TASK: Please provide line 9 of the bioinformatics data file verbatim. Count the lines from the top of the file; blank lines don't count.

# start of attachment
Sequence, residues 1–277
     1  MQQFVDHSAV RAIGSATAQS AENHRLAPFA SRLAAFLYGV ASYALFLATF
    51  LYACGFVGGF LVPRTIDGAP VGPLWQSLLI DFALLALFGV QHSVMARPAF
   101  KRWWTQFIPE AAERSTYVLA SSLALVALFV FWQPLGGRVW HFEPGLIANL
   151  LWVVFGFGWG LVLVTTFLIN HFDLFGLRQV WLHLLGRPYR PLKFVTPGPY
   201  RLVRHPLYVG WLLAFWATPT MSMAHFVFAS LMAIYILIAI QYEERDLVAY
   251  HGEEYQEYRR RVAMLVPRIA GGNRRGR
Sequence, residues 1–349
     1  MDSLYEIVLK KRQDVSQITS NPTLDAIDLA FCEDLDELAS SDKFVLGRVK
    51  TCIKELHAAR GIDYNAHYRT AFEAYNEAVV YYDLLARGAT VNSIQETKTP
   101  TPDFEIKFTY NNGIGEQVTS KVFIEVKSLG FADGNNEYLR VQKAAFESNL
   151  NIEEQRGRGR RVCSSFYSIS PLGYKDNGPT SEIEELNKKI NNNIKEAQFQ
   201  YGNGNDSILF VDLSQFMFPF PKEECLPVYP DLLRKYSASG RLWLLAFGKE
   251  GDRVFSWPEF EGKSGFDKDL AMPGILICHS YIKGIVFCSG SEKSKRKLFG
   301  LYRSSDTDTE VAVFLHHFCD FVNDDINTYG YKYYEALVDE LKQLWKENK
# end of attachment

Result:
     1  MDSLYEIVLK KRQDVSQITS NPTLDAIDLA FCEDLDELAS SDKFVLGRVK